A little less than a month ago, I experienced my first catastrophic flood. Flooding is a normal thing in Houston, where I live. But, Hurricane Harvey thrust band after band of heavy rain over our region, and the waters kept rising and rising and rising. My home did not flood, but we came close. Compared to what was broadcast across national news, our neighborhood and the church where I serve had little to no damage. This is remarkable, considering something like 15,725 homes in Harris County sustained major damage or were destroyed.
Soon after the waters receded, one of my close friends puzzled over what to say when people asked her how she was doing after the storm. Like me, this friend had no damage to her home. “It doesn’t seem right to say I’m lucky or fortunate,” she said, considering what we, as Presbyterians, believe about God’s sovereignty. “But, it feels wrong to say, ‘I’m blessed.’ If I’m blessed, then what about my friends and coworkers and fellow church members who flooded, who may have lost everything? Are they not blessed?”
This question continues to pick at me as our congregation rallies around work teams helping to muck out and rebuild homes. Who is blessed in this storm? Central to this question is the sticky wicket of the problem of evil. Why did some people in Houston lose everything and other people lose nothing? We do have some scientific answers to those questions – answers regarding lack of zoning laws and overdevelopment in the city and surrounding counties. But, scientific answers don’t fully satisfy, and they are not a great pastoral response to the pain in our area.
I’ve reached two conclusions in regards to my friend’s question, “Am I blessed?” I’m still pondering these responses and sure there are other good conclusions that can be drawn. But, here is where my mind and heart have gone:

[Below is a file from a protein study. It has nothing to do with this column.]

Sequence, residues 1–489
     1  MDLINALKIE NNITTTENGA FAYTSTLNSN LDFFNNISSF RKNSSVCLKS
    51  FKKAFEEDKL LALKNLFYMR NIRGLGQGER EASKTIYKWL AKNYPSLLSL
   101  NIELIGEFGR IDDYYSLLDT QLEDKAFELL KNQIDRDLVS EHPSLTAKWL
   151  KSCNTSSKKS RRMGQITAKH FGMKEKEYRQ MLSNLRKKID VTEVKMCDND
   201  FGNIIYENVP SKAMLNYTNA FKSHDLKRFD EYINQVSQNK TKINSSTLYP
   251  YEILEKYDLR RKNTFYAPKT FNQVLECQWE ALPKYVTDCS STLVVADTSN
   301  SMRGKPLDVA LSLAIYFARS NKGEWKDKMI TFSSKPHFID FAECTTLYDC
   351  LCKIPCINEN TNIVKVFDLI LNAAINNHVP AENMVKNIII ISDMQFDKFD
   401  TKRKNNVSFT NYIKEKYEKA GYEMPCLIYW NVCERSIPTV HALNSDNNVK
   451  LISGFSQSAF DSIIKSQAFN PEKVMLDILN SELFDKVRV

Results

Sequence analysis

- Maybe we’re blessed by not suffering any flood damage. But, blessing in Scripture is never to be hoarded. God promised Abraham in Genesis 12 that God would bless him, in order that all the nations of the earth would be blessed through him and his offspring. Abraham was “blessed to be a blessing.” If everyone in Houston had flooded, then who would have been present to do boat evacuations, to rally immediately after the flood waters receded? I have been so impressed with the residents of Houston – how we banded together right after the storm and got a lot done in the immediate aftermath. There is more to do. I cannot simply sit still and do nothing to help others rebuilding. That would be an abuse of the blessing of God.
- Maybe it is the people whose homes and churches were flooded who are blessed. I think about the Beatitudes in Matthew 5. The people Jesus declared to be blessed are not in enviable positions. They are poor in spirit, mourning, persecuted. Jesus says that the Kingdom of God belongs to these – people in pain. God’s Kingdom comes to us in our time of greatest need – maybe because we are more open or desperate for God’s provisions in times like these.
Whoever is blessed by this storm, we all have work to do, we all have next steps to take. And that is how I would ask you to pray: Pray that Houston would stay “Houston Strong” in the ongoing, long work of rebuilding. It’s not over yet. And we need a lot of blessing.
Rachel Young is the associate pastor of spiritual formation at Clear Lake Presbyterian Church, in Houston, Texas. She is married to Josh, who also serves on staff at Clear Lake Presbyterian as the director of contemporary worship and media.